I mentioned that the noble Lord, Lord Hughes, is with us, the present chairman of East Kilbride Corporation. It is still called the East Kilbride and Stonehouse Corporation. I am aware that the Addison Rules probably prevent him from taking part in this debate, but I am sure that he must be disappointed, too, that this has had to happen. Certainly the right honourable Lady, Mrs. Judith Hart, made it absolutely clear, speaking in another place when she was on the Back-Benches two or three months ago, that she was completely in opposition to this Bill, and she is a Member for Lanarkshire. Since then she has rejoined the Government, which has meant that her opposition was muted at the final stage of the Bill. However, she was certainly on the record as being completely against what was proposed by the Government from the point of view of the people she represented in Lanarkshire. This is because many people knew that jobs were coming to Stonehouse; jobs that would go to Stonehouse but not elsewhere in Scotland. That is the important point. Stonehouse was able to offer by its geographical situation and other conditions, sites and proposals for industry which could not be replaced elsewhere in Scotland. We know of at least one major project which has gone South of the Border because Stone-house can no longer take it as a new town. Many people in Lanarkshire have had high hopes for at least 10 years, and they have now been dashed.

In another place, there has been discussion in detail about provisions in the Bill, which I shall not go into now and I do not think at the later stages that we need go over those details again. However, I should like to draw attention to one point, on which a great deal of time was spent in another place, because it is important from the point of view of the citizen; that is, that the Government did eventually put forward an Amendment which was accepted, to provide for proper arrangements to enable the former owners of land to have reasonable rights and terms for the repurchase of their land if they wished to buy it back.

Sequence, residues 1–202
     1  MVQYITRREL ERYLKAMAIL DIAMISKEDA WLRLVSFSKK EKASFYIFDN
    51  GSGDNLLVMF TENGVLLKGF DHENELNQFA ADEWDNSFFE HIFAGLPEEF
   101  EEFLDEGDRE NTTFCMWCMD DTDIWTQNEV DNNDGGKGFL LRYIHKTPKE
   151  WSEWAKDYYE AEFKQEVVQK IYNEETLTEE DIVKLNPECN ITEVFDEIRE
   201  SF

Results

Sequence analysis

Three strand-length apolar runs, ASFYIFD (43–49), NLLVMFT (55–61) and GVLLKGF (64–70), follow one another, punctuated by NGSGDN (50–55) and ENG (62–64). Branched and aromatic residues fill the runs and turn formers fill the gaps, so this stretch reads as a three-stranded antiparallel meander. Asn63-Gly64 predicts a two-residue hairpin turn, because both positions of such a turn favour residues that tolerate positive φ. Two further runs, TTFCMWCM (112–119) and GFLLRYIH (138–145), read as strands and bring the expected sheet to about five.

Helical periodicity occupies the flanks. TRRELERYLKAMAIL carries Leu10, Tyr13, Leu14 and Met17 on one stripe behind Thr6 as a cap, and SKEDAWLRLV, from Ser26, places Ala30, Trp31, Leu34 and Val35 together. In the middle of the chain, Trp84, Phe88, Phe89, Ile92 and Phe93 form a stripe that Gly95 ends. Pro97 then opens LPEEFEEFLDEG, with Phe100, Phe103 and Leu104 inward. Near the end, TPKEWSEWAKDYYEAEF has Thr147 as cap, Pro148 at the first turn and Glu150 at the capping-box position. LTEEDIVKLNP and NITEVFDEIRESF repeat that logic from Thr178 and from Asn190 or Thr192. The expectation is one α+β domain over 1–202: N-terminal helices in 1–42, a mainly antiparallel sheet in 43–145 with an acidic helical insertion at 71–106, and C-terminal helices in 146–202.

It is especially disappointing for me, as I am sure you will understand, because I was Secretary of State for Scotland at the time of the designation of the new town, that this Bill should be before us. I was aware of the enthusiasm of the East Kilbride Corporation, and of the enthusiasm of all in that area who saw not only a new community which would help the very densely populated area of Glasgow but also a way in which more employment, which was much needed, could be brought to Lanarkshire.

4.36 p.m.

Viscount THURSO